Somebody asked me this question the other day. At the time, it sounded unpleasantly sarcastic, but I answered civilly. Reflection on the larger question, though, leads me to answer more fully.
Yes. WE ARE ALL DOING IT WRONG if our problems deepen, or don't ameliorate as far as possible for our hypothetically-damaged bodies.
We're probably "doing it wrong" because we don't know what the right answer IS. We're "doing it wrong" because authorities have told us THIS IS THE WAY IT IS DONE and some people are foolish enough to trust them -- we're "doing it wrong" because the wrong thing is Standard of Care. Some of the information in textbooks IS WRONG, despite claims to the contrary.
Some people are "doing it wrong" because they leap into an attractive regimen without learning enough about it. There's an AWFUL lot of advice floating around -- from every possible side of the question -- for every possible thing that can ail us. Being particularly interested in thyroid issues and low-energy states, I've read a million of 'em! The vast majority are absolutely positively idiotic! They are frequently Conventional Wisdom maxims, and though it "makes sense" to people, it's just plain WRONG. Bearing in mind that there are a huge range of different thyroid problems one might have and all of them probably have different solutions (if any), there are SOME universal truths....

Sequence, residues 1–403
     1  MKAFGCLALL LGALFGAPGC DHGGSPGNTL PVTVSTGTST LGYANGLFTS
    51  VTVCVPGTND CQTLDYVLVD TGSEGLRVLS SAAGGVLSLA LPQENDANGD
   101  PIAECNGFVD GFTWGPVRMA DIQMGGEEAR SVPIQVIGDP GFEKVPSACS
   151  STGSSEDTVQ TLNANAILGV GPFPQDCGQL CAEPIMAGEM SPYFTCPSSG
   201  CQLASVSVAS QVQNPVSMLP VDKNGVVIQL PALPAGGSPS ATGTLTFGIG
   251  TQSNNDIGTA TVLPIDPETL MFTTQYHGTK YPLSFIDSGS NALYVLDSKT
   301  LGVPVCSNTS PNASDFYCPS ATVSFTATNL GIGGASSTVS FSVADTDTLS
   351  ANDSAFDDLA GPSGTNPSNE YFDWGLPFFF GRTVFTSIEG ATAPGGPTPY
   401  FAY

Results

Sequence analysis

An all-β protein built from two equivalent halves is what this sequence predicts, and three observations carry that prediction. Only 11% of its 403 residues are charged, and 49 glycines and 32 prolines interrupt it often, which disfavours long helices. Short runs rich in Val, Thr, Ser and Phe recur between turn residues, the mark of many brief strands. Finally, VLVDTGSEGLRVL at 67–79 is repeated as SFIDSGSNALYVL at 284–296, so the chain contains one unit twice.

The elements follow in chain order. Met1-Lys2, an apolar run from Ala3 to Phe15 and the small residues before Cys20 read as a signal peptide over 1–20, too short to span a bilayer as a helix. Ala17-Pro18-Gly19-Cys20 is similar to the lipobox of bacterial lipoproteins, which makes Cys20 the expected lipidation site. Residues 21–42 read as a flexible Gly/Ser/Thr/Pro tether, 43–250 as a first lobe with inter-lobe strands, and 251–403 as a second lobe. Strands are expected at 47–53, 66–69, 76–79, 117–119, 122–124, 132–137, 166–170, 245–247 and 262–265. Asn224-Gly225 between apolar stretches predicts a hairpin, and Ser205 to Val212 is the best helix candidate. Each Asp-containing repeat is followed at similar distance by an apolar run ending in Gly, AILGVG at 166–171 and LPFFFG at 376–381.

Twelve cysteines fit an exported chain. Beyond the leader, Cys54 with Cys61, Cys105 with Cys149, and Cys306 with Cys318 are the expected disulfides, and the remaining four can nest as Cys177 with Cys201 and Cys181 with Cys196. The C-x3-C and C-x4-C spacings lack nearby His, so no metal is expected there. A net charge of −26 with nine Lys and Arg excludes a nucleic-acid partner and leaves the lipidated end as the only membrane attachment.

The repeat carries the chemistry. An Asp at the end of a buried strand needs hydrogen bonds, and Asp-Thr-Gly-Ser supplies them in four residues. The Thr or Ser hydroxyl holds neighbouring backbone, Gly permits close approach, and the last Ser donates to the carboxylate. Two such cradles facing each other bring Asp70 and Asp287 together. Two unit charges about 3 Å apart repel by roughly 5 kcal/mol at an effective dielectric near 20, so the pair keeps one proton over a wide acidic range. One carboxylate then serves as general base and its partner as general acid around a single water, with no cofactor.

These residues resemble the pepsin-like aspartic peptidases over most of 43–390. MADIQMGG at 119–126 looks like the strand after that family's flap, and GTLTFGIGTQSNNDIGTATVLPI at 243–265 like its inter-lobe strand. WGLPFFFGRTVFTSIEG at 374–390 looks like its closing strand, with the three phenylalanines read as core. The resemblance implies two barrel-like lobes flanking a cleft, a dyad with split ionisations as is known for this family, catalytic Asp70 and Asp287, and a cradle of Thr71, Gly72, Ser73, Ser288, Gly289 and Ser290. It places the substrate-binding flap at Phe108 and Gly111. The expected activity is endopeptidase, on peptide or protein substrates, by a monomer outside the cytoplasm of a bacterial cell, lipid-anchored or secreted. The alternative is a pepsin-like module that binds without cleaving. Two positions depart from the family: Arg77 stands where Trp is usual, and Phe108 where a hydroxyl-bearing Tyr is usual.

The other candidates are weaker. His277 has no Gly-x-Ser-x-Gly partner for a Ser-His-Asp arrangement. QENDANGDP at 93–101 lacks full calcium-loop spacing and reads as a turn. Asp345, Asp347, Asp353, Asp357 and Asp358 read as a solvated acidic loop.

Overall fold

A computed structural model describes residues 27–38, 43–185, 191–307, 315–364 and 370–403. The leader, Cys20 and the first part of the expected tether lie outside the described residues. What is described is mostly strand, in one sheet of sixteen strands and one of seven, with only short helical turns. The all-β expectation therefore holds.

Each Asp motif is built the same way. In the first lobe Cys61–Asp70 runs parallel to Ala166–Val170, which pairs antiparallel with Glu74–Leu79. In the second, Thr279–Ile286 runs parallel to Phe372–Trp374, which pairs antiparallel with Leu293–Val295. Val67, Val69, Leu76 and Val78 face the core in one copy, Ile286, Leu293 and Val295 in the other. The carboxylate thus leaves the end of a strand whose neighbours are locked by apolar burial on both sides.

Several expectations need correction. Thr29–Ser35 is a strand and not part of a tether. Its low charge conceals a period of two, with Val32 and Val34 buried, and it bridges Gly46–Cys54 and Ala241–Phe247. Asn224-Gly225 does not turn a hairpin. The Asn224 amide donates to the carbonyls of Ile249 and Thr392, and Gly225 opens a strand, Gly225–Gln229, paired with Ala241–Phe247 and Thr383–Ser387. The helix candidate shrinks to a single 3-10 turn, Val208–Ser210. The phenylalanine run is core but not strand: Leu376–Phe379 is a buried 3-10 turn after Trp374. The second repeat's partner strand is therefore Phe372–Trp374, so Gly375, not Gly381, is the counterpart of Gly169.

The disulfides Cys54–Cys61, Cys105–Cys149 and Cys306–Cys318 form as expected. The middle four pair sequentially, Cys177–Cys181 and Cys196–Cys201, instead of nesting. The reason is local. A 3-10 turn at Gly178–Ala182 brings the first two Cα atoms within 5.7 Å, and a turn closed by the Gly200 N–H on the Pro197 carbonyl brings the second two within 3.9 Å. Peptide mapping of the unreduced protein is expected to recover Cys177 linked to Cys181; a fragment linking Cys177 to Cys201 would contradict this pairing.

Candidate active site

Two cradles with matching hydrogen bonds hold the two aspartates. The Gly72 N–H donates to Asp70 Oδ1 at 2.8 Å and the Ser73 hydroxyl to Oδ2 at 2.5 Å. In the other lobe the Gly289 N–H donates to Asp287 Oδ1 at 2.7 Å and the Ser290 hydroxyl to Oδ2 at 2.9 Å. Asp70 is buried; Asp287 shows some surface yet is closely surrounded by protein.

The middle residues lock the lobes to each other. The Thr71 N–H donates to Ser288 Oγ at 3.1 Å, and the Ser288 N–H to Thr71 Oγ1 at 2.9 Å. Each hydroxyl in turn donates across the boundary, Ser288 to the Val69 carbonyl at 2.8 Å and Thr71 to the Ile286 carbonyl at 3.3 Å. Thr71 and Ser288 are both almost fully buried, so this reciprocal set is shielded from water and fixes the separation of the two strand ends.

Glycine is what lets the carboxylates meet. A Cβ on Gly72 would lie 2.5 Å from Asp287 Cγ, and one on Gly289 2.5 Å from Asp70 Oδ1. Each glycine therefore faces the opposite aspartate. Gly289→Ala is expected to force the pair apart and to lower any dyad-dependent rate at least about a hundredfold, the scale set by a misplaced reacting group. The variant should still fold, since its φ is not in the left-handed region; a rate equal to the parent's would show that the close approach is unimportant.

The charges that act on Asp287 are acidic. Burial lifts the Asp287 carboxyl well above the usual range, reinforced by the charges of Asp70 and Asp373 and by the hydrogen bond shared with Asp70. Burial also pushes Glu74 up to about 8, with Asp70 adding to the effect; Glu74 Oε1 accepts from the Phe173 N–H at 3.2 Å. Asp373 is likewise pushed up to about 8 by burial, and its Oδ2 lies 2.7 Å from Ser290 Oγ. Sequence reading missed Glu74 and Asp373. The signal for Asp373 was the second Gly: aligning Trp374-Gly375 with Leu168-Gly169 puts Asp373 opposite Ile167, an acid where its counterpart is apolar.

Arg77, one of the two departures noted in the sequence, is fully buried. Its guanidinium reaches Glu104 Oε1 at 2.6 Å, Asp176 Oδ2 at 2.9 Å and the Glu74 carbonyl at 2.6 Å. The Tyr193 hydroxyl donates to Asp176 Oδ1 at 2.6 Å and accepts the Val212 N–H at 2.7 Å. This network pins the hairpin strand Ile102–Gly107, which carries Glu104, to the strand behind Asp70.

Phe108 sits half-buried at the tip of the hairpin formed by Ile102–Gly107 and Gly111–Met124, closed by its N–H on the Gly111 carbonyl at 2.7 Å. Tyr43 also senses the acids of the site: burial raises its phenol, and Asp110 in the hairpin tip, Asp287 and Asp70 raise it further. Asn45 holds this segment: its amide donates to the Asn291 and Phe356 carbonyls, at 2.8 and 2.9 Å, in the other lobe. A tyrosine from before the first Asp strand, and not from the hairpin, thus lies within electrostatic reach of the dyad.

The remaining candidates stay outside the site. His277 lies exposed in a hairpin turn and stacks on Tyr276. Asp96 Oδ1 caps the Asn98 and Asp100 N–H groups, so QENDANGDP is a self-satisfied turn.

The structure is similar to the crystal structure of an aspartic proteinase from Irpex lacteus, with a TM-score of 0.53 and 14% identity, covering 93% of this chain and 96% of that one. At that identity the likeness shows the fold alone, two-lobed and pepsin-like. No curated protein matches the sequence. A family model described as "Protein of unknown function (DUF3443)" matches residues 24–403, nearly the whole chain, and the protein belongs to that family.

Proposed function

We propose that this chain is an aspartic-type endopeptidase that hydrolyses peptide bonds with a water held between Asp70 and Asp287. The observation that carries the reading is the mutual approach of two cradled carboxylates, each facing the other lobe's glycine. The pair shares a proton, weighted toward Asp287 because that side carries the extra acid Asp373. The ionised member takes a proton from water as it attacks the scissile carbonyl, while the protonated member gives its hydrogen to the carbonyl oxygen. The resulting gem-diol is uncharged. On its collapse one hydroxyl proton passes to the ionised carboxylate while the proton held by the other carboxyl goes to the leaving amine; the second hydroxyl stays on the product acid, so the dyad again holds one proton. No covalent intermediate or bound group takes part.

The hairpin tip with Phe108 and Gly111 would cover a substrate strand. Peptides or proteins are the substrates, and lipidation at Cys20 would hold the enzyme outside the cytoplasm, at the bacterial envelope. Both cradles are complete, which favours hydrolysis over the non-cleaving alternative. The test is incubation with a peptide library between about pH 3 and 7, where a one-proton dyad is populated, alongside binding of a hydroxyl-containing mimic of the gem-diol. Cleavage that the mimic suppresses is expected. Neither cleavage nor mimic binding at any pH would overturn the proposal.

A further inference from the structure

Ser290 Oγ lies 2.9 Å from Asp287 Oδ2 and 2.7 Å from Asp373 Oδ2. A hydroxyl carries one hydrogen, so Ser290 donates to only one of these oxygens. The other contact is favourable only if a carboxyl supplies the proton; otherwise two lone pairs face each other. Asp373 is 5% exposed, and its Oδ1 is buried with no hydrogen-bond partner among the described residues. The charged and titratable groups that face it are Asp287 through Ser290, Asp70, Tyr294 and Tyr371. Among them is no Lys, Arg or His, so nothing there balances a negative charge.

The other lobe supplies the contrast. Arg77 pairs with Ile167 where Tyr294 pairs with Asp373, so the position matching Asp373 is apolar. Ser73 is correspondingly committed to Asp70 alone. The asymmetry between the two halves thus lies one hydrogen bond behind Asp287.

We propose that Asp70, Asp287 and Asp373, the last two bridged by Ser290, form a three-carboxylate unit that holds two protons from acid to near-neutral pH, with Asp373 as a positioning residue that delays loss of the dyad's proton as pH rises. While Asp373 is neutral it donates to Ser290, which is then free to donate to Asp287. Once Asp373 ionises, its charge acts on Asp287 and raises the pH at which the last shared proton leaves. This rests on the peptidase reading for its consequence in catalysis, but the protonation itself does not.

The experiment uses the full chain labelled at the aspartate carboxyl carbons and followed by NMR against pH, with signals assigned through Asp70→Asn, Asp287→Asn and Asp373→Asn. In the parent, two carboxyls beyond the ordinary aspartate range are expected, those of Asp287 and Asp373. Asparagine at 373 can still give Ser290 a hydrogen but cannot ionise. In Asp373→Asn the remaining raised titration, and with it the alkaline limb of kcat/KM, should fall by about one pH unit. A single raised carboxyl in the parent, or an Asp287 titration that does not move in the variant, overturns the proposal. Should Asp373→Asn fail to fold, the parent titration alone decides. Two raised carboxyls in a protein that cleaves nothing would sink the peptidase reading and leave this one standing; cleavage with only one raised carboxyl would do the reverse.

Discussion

Some people are "doing it wrong" because they aren't doing something 100%. For the un- or minimally-damaged person, Sisson's 80/20 rule is already going above-and-beyond average health-consciousness and it's just fine. For others, that 20% non-compliance could quite possibly kick their ass (celiac disease, anyone?).
I could go on and on.... My point is, even though Regimen X works for 95% of people, it may be the wrong thing for that 5% -- the 5% are DOING IT WRONG, even though they don't have any reason to suspect it.
It's true -- too often when people claim failure at one of those perfect regimens, the peanut gallery pipes up that it's the fault of the Failed. Maybe, maybe not. But some distinctions need to be drawn. Somewhere along the line, the outrage against the concept of "blaming the victim" has gone overboard. There are damned good reasons to be careful about how blame is apportioned, ... but ya know what? The victim OCCASIONALLY is fully responsible for his plight -- think Darwin Awards!
We're doing it right when we finally find what succeeds. Until then, at least in part, we're "doing it wrong."